The first multi-institutional study to assess a new form of radiation treatment for prostate cancer along with sophisticated real-time tumor tracking is being conducted by Michigan Principal Investigator Daniel A. Hamstra, Ph.D., M.D., assistant professor of the Department of Radiation Oncology and 10 co-researchers at the University of Michigan Health System in Ann Arbor.
The safety of shortened (hypfractionated) stereotactic body radiation therapy (SBRT) is being evaluated with Calypso Medical’s GPS for the body technology, which is employed during prostate radiotherapy for real-time tracking of cancerous tumors. The results thus obtained will be compared with those obtained from conventional radiation treatment.
During radiation treatment, SBRT allows for accurate, precise, and real-time tracking of prostate motion, say Dr. Hamstra and his co-investigators. The administration of large, concentrated radiation doses is a matter of concern because the surrounding healthy tissue is also subjected to the same high doses resulting in potential for side effects, such as rectal injury, impotence and difficulty urinating.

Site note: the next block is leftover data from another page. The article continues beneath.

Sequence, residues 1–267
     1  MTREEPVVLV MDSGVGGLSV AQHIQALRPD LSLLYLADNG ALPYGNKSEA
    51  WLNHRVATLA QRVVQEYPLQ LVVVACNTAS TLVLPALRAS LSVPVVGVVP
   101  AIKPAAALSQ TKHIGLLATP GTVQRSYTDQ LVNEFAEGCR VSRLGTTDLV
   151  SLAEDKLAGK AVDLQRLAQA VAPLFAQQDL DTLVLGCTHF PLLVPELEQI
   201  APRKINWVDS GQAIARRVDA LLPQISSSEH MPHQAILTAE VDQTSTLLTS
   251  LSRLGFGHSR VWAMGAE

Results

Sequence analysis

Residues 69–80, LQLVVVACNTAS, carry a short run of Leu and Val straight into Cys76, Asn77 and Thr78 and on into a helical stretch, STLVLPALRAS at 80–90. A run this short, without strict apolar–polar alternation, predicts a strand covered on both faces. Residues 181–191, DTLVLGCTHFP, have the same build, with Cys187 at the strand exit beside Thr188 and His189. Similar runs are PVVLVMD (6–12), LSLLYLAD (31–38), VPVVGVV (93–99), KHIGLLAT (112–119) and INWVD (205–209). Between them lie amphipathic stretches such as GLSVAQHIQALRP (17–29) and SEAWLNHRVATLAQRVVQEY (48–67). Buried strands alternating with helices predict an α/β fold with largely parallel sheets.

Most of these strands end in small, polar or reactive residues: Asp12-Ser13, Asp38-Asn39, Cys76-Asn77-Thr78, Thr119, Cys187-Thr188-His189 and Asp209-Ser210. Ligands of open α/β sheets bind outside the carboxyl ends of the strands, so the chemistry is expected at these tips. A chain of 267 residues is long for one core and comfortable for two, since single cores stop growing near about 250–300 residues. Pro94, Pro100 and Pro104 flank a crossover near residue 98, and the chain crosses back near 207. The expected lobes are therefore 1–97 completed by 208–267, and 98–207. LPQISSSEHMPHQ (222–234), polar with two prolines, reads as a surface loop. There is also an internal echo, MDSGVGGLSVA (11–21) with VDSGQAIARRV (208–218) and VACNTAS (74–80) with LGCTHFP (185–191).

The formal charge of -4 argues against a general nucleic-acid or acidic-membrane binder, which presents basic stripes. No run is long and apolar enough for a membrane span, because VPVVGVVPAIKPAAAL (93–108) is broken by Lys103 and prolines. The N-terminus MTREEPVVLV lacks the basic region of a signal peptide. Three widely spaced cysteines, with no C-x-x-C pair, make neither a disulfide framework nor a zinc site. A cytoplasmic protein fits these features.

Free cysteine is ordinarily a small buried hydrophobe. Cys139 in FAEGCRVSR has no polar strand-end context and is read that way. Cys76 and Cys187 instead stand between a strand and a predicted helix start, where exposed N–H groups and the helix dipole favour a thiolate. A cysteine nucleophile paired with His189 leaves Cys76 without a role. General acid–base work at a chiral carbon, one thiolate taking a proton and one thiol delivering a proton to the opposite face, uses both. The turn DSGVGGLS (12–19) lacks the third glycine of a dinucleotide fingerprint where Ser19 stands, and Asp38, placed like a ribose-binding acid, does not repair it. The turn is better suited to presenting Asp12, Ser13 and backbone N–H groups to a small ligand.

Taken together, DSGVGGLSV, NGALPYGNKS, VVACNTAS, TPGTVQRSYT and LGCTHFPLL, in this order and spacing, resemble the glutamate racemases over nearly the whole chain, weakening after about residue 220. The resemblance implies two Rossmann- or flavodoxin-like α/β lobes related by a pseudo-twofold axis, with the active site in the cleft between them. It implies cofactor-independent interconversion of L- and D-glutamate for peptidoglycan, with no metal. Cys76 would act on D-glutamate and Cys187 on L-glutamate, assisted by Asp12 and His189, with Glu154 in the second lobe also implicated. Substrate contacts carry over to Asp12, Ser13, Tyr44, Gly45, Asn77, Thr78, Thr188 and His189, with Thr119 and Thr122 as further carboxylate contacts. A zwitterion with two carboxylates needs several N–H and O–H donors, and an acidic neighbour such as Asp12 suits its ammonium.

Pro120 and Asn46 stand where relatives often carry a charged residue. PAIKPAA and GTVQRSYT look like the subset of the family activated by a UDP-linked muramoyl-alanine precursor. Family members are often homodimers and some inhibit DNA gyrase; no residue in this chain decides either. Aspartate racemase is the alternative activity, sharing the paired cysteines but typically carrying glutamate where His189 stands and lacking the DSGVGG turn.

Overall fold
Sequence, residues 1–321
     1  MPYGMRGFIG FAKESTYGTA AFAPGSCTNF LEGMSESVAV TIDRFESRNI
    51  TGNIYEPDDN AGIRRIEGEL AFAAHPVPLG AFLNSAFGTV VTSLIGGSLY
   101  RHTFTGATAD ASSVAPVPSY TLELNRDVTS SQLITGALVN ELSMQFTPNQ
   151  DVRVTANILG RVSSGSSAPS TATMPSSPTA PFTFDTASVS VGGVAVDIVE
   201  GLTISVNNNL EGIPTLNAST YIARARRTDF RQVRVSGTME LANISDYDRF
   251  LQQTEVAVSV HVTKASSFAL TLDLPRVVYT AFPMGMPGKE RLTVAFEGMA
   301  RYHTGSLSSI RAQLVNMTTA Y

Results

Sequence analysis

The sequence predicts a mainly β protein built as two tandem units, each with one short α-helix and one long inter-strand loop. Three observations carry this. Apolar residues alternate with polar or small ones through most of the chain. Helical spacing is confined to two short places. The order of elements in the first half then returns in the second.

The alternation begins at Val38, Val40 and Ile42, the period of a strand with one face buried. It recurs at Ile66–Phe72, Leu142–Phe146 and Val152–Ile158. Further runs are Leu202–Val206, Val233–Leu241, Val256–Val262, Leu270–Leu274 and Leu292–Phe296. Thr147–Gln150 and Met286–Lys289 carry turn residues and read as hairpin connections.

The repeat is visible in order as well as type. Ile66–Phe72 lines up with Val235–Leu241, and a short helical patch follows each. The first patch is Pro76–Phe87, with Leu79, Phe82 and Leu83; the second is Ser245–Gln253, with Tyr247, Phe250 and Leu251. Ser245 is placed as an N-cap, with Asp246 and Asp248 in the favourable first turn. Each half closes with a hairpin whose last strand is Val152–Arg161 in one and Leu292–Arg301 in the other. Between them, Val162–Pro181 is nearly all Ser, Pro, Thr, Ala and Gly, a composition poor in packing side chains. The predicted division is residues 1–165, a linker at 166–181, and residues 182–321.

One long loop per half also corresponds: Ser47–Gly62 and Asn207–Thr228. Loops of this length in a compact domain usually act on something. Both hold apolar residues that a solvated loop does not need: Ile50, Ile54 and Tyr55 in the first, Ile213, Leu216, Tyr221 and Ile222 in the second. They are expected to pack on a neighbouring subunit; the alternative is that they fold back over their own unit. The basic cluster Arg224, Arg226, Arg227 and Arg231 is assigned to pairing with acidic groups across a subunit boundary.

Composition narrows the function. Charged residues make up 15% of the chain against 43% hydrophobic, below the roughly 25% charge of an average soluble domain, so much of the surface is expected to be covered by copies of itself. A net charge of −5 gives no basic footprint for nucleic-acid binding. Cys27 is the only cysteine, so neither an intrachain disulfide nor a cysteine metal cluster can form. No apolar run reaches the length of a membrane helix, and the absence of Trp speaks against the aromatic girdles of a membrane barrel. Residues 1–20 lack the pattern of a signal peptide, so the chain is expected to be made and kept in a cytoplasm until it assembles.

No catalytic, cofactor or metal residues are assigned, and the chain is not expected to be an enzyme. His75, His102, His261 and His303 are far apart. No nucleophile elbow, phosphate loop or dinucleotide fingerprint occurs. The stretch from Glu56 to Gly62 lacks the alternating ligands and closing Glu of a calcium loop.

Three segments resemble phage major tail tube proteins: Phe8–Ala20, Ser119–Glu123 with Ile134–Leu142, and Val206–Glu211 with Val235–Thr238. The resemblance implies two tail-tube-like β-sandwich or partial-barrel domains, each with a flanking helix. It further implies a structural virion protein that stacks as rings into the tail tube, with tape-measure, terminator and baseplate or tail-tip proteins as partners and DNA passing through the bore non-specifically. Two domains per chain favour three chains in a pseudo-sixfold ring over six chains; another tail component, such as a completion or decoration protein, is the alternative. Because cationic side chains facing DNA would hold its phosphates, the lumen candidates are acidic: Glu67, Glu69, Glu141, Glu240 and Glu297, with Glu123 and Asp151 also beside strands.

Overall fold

The prostate can be accurately located using the Calypso Medical’s real-time tracking technology allowing doctors to be more confident about administering larger SRBT doses and decreasing the entire amount of treatments.
Prof. Hamstra states: “To a large extent, identification of prostate location has only been performed prior to the start of treatment without taking into account the motion of the prostate during treatment, yet precise targeting of the prostate gland during radiation is critically important in order to avoid delivering unintended radiation to healthy tissue.
This is the first multi-institutional study to incorporate use of the Calypso real-time tumor tracking technology, which allows us to significantly reduce the margin of healthy tissue around the prostate to prevent the development of unwelcome side effects. We are optimistic that use of the Calypso System in concert with a small number of dose-intensified treatment sessions may be a way to optimize SBRT.”
The multi-site study is aimed at evaluating the safety and efficacy of a short-term treatment plan with continuous real-time prostate motion evaluation as compared with conventional treatment in patients.
Over a period of 39 months, the Phase II study will be conducted in 66 patients wherein each patient will be subjected to five treatment sessions (fractions) of 30-minute each with a resting interval of at least two days between each fraction. A total dosage of 37 Gray (unit of absorbed radiation dose) will be administered with each fraction size comprising 7.4 Gray. Compared to a conventional treatment of 40-45 daily sessions spread over 8 to 9 weeks, the five-fraction treatment period is expected to last between 15-19 calendar days.